What is AESGCM?
AESGCM stands for Advanced Encryption Standard– Galois Counter Mode. It is used in various applications that require secure communication and data authentication. While GCM is the mode of operation, AES is the encryption standard. Together, AESGCM makes a symmetric cryptography algorithm used in various cryptography protocols. AESGCM provides both authenticated encryption (confidentiality and authentication) and the ability to check the integrity and authentication of additional authenticated data (AAD) that is not encrypted. AESGCM is one of the recommended block cipher modes of operation, per NIST Special Publication 80038D [1].
The mode is widely used in practice and is part of many standards.
AESGCM implementation is complex ([2]). Since AES architecture uses a lookup table (SBox) indexed by secret data, one must use some sidechannel attacks resistant techniques to achieve both performance and security.
Below, you can find a highlevel flow diagram of the AESGCM algorithm (more details about implementation can be found in [2][3]):
Figure 1. AESGCM authenticated encryption diagram.
AESGCM Support in Intel® IPP Cryptography and OpenSSL Libraries
Due to the complexity of the AESGCM algorithm, it is more convenient to use it as out of the box implementation from the software libraries instead of implementing it yourself.
As good examples of performant and highly functional verification tested implementations of this algorithm, you can refer to the following libraries:
 OpenSSL  a robust, commercialgrade, fullfeatured toolkit for generalpurpose cryptography and secure communication. [4]
 Intel® Integrated Performance Primitives Cryptography (Intel® IPP Cryptography)  a secure, fast, and lightweight library of building blocks for cryptography, highly optimized for various Intel® CPUs. [5]
Below is an example demonstrating how to use the AESGCM algorithm in OpenSSL [6] and Intel IPP Cryptography.
OpenSSL and Intel IPP Cryptography AESGCM Code Example
OpenSSL Example  Intel IPP Cryptography Example 















As we can see, OpenSSL and Intel IPP Cryptography API are easy to use with clear calling conventions. Using 3^{rd} party libraries allows the users not to spend extra time and resources on AESGCM implementation, optimization, and testing. Instead, they can complete their software using readytouse algorithms as part of an outofthebox solution.
AESGCM Performance
Intel IPP Cryptography contains implementations of the AESGCM algorithm that are highly optimized for Intel CPUs by utilizing
 Intel® AES New Instructions (Intel® AESNI)
 Intel® Vector Extension for AESNI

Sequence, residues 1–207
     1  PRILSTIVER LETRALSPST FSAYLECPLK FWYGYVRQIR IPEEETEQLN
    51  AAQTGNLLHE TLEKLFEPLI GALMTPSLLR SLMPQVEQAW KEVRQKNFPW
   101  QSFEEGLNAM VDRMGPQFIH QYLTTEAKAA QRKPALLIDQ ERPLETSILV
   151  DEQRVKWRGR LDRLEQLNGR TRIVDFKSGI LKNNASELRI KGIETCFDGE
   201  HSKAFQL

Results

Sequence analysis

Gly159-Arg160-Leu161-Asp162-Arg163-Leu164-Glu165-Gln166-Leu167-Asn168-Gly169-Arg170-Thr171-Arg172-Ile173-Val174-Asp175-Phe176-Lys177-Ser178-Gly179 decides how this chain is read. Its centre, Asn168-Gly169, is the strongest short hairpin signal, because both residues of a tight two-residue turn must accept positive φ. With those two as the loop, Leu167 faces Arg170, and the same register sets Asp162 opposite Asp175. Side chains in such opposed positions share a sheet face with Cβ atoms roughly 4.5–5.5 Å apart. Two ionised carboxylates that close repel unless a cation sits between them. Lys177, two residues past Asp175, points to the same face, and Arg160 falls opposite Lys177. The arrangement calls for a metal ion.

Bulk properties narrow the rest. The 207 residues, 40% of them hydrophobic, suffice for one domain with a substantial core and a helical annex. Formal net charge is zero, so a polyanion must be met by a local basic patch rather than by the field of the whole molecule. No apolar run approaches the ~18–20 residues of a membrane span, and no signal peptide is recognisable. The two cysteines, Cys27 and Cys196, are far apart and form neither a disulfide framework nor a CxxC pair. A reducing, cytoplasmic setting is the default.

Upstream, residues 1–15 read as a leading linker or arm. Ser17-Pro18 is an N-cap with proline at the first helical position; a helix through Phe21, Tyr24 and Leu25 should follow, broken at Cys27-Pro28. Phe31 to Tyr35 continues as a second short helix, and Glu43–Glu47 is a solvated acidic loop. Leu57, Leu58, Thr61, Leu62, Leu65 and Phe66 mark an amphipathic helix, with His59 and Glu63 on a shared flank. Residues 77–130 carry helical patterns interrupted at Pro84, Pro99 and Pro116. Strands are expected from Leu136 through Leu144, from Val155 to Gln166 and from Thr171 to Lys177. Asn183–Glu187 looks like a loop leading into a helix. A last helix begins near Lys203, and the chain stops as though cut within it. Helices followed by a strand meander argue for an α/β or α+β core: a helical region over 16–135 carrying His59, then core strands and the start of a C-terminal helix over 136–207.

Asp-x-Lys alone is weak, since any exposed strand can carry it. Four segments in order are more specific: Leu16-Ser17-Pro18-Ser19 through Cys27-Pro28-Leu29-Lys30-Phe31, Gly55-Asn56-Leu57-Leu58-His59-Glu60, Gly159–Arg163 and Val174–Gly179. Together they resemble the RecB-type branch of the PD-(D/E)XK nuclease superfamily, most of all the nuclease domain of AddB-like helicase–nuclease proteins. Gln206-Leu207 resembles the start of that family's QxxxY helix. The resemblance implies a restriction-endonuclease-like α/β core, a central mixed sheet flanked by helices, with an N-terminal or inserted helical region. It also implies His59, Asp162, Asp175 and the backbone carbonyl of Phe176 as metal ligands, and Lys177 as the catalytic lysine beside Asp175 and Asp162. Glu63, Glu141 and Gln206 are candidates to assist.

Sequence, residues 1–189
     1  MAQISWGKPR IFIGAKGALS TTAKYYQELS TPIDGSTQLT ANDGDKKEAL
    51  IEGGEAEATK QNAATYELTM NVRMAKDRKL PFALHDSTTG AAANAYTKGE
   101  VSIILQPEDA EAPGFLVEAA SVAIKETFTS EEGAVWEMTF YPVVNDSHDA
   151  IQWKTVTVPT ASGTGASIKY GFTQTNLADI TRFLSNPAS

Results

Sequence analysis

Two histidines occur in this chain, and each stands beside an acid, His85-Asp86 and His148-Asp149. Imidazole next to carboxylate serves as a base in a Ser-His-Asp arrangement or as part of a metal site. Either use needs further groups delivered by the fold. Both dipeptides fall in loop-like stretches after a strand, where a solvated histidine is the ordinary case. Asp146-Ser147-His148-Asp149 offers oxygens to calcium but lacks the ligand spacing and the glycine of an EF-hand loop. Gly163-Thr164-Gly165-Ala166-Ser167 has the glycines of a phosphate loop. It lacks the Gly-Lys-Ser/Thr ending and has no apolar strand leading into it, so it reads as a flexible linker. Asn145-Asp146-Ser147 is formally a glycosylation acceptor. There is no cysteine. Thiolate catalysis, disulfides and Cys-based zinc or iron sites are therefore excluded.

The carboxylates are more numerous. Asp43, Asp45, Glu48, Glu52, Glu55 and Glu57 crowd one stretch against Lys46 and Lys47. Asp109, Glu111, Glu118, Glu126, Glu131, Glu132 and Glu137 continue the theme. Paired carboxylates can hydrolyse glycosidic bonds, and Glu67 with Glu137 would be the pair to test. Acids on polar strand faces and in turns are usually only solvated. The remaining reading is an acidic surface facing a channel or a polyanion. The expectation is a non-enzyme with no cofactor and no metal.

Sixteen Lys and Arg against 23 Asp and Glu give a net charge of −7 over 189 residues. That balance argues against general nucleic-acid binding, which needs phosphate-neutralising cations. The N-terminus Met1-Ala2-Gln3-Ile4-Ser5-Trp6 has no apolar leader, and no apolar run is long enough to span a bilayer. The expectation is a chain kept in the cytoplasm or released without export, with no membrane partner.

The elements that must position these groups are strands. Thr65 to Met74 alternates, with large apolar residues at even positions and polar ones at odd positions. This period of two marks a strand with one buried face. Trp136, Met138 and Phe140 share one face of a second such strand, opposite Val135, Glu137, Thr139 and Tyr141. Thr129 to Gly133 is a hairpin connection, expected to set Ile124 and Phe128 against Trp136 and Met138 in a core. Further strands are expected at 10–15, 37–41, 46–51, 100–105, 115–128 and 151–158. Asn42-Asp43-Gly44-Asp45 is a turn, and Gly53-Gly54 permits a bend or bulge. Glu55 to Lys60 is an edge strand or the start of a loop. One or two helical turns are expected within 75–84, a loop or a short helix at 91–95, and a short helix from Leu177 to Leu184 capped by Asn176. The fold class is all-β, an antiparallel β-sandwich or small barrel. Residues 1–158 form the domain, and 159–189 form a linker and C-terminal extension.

Intel® PCLMULQDQ
 Intel® Vector Extension for PCLMULQDQ
Below, you can see the performance comparison between OpenSSL and IPP Cryptography for the message size 16384 bits on 4th Generation Intel Xeon Scalable Processors.
Figure 2. OpenSSL vs. Intel IPP Cryptography performance comparison for AESGCM algorithm
Intel IPP Cryptography continues to work on additional optimizations of the cryptography algorithms. The recently released Intel IPP Cryptography 2021.9 version contains additional optimizations based on Intel® Advanced Vector Extensions 2 (Intel® AVX2) and Intel® Vector Extension for AESNI and PCLMULQDQ.
The chart below demonstrates AESGCM performance speedup between two Intel IPP Cryptography releases:
Figure 3. Performance comparison between Intel IPP Cryptography 2021.9 and 2021.8 releases
Summary
AESGCM is one of the most common symmetric cipher algorithms used in a variety of different spheres of the modern world. Intel IPP Cryptography brings differentiative performance on Intel CPU. The complexity of the algorithm makes it resilient against different attacks. This complexity, however, can also make its implementation challenging. Developers look for ease of use, fast implementation, and highly optimized execution speed. Performance is critical for many applications. Therefore, OpenSSL, Intel IPP Cryptography, and other libraries implement and optimize the algorithm for the latest available hardware.
Get the Software
You can install the Intel® Integrated Performance Primitives Cryptography (Intel IPP Cryptography) as a part of the Intel® oneAPI Base Toolkit. You can also download a standalone version of the library or test it across Intel® CPUs and GPUs on the Intel® Developer Cloud platform.
References
[1] Planning Note for Revision (2023), NIST Recommendation for Block Cipher Modes of Operation: Galois/Counter Mode (GCM) and GMAC
[2] Morris Dworkin (2007), NIST Recommendation for Block Cipher Modes of Operation: Galois/Counter Mode (GCM) and GMAC, NIST Special Publication 80038D
[3] David A. McGrew, John Viega (2005), The Galois/Counter Mode of Operation (GCM)
Additional Resources
[4] OpenSSL GitHub
[5] Intel IPP Cryptography GitHub
[7] Intel IPP Cryptography AESGCM Documentation
[8] Advanced Encryption Standard Galois Counter Mode – Optimized GHASH Function Technology Guide